Promoting Sustainable Indigenous Tourism Through VisitSápmi

Sustainability Activism
by Lola (Akinmade) Åkerström May 10, 2011

Photo courtesy of Carl-Johan Utsi/

Matador Goods Editor and MatadorU faculty Lola Akinmade Åkerström interviews Lennart Pittja, project manager of VisitSápmi – an organization that promotes sustainable travel through the Sápmi region (regions of Norway, Sweden, Finland, and the Kola Peninsula in Russia) and cultural exchanges with indigenous Sámi.

I first met Lennart in Jokkmokk while doing research for an article on Swedish-Sami relations. I was taken in by his passion as he described the new organization he was spearheading – VisitSápmi, and I immediately understood why.

As an indigenous Sámi himself, this project was a lot more personal on many levels.

So I reached out to him on behalf of Matador to take us behind the scenes of VisitSápmi, explain its purpose, vision, and goals as well as outline why it is such an important project in helping preserve centuries old Sámi traditions and culture.

MATADOR: What is VisitSápmi? How is it different from VisitSweden, and what does the organization aim to achieve?

Lennart Pittja: Sápmi is the Sámi name for our land. Lapland is often promoted as land of the Sámi. The term has been misused for mass tourism and simplification of the Sámi – but Sápmi is the true name of our land and we plan to make it known as such. VisitSápmi was created as a tourism and information organization to do this.


Lennart Pittja: Photo by Vägvisaren

VisitSápmi wants to promote and develop sustainable tourism. We want to be involved in decision making in Swedish tourism. We want to share the Sámi knowledge. We want people to visit us, learn and become ambassadors.

We want to develop more tourism that gives money back to Sámi communities. We want to develop this in a more respectful and sustainable way than what we see today. We want to co-operate with partners that share the same belief that sustainability is the right path for the future.

Sápmi (or Lapland) has been a magnet for tourists from all over the world and is visited by millions of tourists every year. This tourism often uses the land where Sámi people are living and herding reindeer.

From a Sámi reindeer herding perspective, tourism is mainly another intrusion and problem. Problems like forestry, mining, hydro-power damming, wind mill plants, carnivores and tourism all add up to substantial problems that today threaten the very survival of reindeer herding.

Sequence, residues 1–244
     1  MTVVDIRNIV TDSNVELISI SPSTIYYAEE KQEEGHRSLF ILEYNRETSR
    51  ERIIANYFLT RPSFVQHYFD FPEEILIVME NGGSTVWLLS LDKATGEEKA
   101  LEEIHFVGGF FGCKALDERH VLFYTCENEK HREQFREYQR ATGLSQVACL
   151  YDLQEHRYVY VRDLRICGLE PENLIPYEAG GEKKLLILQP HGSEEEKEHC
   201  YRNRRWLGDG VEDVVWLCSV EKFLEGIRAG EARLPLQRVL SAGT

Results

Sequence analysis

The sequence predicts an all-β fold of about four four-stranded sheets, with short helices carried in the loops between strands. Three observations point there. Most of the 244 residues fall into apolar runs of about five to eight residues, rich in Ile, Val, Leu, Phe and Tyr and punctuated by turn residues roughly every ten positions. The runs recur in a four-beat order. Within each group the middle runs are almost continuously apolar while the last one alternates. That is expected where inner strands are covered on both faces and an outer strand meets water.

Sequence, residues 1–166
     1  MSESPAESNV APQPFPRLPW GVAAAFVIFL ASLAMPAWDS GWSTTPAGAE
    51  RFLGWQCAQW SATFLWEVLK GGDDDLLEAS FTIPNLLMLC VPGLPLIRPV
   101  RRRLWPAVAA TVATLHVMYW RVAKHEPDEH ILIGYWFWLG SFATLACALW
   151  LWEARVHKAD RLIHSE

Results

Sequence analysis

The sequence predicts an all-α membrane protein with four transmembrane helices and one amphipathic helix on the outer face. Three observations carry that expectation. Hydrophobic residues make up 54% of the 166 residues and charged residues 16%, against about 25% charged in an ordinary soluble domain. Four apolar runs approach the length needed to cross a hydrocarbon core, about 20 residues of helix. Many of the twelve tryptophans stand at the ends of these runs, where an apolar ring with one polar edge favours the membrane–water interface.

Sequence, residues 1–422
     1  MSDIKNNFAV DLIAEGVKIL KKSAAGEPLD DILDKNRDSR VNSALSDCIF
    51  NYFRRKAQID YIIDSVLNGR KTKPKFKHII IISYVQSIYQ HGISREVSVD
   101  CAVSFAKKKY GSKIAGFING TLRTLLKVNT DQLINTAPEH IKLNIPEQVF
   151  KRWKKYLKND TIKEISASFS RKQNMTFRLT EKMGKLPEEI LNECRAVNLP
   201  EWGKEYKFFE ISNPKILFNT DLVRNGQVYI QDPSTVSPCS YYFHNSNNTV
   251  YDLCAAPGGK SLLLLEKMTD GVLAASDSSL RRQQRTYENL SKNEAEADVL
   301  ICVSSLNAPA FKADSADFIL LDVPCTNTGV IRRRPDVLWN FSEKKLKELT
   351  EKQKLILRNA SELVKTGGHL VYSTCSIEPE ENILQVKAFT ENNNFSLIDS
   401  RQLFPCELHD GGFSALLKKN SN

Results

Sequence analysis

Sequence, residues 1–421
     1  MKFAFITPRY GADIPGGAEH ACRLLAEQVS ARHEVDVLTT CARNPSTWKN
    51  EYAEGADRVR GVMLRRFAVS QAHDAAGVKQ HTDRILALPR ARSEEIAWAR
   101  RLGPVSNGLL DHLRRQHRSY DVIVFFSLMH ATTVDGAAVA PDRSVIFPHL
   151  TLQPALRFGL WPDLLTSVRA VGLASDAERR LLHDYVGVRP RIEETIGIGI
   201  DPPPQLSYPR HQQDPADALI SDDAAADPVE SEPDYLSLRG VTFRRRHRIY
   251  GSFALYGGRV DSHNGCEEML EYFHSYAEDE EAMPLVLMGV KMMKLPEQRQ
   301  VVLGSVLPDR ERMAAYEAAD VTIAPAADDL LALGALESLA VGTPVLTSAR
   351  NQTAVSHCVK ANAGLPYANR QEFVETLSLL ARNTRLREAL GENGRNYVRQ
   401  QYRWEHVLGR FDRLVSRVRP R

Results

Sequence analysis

Since the herding is based on natural migration of the reindeer, we don’t use all the land all the time. Roughly we are in the mountains in the west during summer and in the forest areas in the east during winter (although some Sámi communities stay in the forest all year around). If tourism is planned and performed in co-operation and with respect for Sámi needs and requirements, tourism is an industry that need not threaten the Sámi culture or destroy land.

Therefore, one objective of VisitSápmi is to help reindeer herding communities to create a tourism management plan on how to use the land in Sápmi, and how to decide what can be accepted and what to protest against.

We cannot stop the tourism industry so we need to get involved in the development and see to it that benefits also come to the Sámi. We must show the Sámi that tourism can be a good thing. It can help to spread knowledge about Sápmi, create income and preserve traditional know-how and values. But, VisitSápmi will have a hard time convincing communities that responsible tourism is possible based on negative impacts experienced and the fear that younger people will turn away from reindeer herding.


Photo courtesy of Carl-Johan Utsi/

Sámi people and lifestyle is by foreigners considered one of the most charismatic and interesting things you can see and do in Scandinavia. Therefore, Scandinavia is often promoted with the pictures from Sápmi – people in traditional clothes, reindeer, lávvu, food etc. But still today, we see very few successful Sámi tourism companies in Sápmi – despite all the media/pictures/documentaries/articles and so on. So the images and the charisma of Sámi people is out on the worldwide market, but the money from tourism ends up in other people’s pockets.

It is also worth noting that Swedes generally find Sámi experiences less interesting than foreign people. The ones that are most keen are often hunters and fishermen who want to use the Sámi fishing and hunting grounds for recreation. Here, VisitSápmi has a role to educate the Swedes.

VisitSweden is the national tourism board in Sweden. It’s funded by national money from the state (50%) and the tourism industry (50%). VisitSápmi is a project, mainly funded by European Union. What will happen after the project period in regards of funding – we don’t know… If the Sámi tourism industry will have to raise funds for VisitSápmi, we are in trouble because we simply don’t have the industry that can take that role.

VisitSweden already has the responsibility to promote Sámi tourism in Sweden, but we need to educate them and they don’t have the network among the Sámi service providers. So, I don’t think that VisitSweden will be successful in promoting Sápmi without us…as little as we will be successful reaching the foreign markets without the help and support from VisitSweden.

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